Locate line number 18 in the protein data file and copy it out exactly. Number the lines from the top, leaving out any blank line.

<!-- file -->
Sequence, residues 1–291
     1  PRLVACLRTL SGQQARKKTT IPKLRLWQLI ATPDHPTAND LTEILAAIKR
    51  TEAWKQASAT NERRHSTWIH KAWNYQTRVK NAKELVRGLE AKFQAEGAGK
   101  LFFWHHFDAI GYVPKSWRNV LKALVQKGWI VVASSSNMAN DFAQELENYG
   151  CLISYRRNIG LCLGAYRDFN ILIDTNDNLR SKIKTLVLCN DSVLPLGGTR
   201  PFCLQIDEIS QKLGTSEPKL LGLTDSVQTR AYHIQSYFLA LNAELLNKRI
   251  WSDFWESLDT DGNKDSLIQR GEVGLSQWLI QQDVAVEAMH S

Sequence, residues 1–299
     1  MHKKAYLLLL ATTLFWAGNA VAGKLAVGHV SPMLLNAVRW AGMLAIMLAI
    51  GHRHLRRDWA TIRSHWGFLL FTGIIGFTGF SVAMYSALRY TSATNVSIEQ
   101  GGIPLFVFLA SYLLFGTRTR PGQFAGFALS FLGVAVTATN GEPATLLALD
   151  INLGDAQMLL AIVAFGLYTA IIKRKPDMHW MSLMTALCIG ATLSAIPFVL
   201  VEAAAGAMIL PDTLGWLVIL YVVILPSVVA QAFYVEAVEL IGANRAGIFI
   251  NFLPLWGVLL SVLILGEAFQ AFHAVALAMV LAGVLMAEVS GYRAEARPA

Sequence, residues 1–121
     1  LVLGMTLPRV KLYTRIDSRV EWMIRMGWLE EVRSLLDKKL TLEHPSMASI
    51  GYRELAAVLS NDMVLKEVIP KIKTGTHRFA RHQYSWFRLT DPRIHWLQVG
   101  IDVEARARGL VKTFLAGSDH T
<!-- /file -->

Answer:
   101  IDVEARARGL VKTFLAGSDH T